Canada Probing Allegations Azeri Forces Are Using Canadian Technology in Nagorno-Karabakh | World News
OTTAWA (Reuters) – Canada is probing allegations that Azeri forces involved in fighting with Armenia are using Canadian drone technology that was initially exported to Turkey, Prime Minister Justin Trudeau said on Friday.
Project Ploughshares, a Canadian arms control group, says video of air strikes released by the Azeri air force indicates the drones had been equipped with imaging and targeting systems made by L3Harris Wescam, the Canada-based unit of L3Harris Technologies
The Globe and Mail newspaper said the firm had received permission earlier this year to ship seven imaging and targeting systems to Turkish drone maker Baykar. Turkey is a key ally of Azerbaijan, whose forces have been fighting for a week over the disputed enclave of Nagorno-Karabakh.
“In regards to the Canadian military equipment that may have been used … the minister of foreign affairs has launched an investigation into what exactly happened,” Trudeau told reporters when asked about the matter.
“It is extremely important that the terms of Canada’s expectations of non-violation of human rights (are) always respected,” said Trudeau, adding that he was extremely concerned by the fighting.
Canada’s Export and Import Permits Act forbids the sale of weapons if they could be used to commit serious violations of international humanitarian or human rights laws.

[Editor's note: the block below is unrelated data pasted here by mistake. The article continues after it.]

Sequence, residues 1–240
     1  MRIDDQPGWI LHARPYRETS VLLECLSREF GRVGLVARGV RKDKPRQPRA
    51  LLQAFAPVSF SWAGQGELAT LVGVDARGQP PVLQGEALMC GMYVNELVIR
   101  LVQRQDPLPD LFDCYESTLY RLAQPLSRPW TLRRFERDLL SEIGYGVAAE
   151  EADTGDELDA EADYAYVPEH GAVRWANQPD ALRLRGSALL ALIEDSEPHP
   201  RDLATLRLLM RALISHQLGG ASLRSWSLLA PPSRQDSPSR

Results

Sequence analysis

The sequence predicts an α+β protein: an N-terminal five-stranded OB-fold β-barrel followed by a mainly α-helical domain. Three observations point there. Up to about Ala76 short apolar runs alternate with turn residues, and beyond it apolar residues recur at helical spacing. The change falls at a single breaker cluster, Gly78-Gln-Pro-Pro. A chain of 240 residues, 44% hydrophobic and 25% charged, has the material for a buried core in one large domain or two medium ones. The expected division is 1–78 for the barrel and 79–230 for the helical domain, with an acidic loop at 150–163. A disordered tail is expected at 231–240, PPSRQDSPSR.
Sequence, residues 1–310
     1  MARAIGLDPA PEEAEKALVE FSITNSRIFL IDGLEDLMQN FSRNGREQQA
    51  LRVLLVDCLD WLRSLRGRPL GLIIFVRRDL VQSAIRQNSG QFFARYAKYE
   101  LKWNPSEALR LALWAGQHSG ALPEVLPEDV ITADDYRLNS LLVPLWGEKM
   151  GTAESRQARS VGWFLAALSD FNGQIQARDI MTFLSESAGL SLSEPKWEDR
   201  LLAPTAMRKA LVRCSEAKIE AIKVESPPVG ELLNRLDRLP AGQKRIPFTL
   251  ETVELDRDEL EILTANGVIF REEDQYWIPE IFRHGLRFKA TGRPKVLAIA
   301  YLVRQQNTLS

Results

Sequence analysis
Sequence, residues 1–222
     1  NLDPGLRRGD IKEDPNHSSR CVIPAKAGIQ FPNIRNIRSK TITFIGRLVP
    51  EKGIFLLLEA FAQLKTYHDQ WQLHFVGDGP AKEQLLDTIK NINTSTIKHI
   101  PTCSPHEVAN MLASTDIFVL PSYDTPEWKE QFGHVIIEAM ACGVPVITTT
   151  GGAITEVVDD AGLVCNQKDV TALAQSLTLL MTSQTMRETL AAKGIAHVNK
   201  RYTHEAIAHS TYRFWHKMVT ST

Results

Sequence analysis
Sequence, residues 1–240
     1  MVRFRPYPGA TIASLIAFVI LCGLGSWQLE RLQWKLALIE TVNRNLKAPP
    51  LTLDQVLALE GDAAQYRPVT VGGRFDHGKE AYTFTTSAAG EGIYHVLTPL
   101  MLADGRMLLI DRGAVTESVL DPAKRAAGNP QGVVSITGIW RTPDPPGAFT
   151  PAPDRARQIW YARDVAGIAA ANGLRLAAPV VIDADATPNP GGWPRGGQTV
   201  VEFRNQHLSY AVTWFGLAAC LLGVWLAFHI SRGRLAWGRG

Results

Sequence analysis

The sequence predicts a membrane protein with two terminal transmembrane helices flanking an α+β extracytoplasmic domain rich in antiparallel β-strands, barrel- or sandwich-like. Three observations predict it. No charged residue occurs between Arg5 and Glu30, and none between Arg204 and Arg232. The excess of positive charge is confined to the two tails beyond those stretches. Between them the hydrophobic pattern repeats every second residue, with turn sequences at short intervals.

Officials at L3harris Wescam were not immediately available for comment.
(Reporting by David Ljunggren; Editing by Daniel Wallis)
Copyright 2020 Thomson Reuters.
The letters, which began landing in dozens of companies’ email inboxes in the spring, reflect the broadly held view among U.S. officials and lawmakers that the United States failed in recent years to adequately screen investments pouring in from China and other countries — particularly low-profile venture-capital investments that didn’t make the headlines. The 2018 Foreign Investment Risk Review Modernization Act, or FIRRMA, aimed to address that by boosting CFIUS’s funding and powers.
Tech executives say the inquiries are part of a growing chill in U.S.-China relations that has made Silicon Valley companies more cautious about accepting foreign investments and caused some China-backed venture-capital funds to curb their activity.
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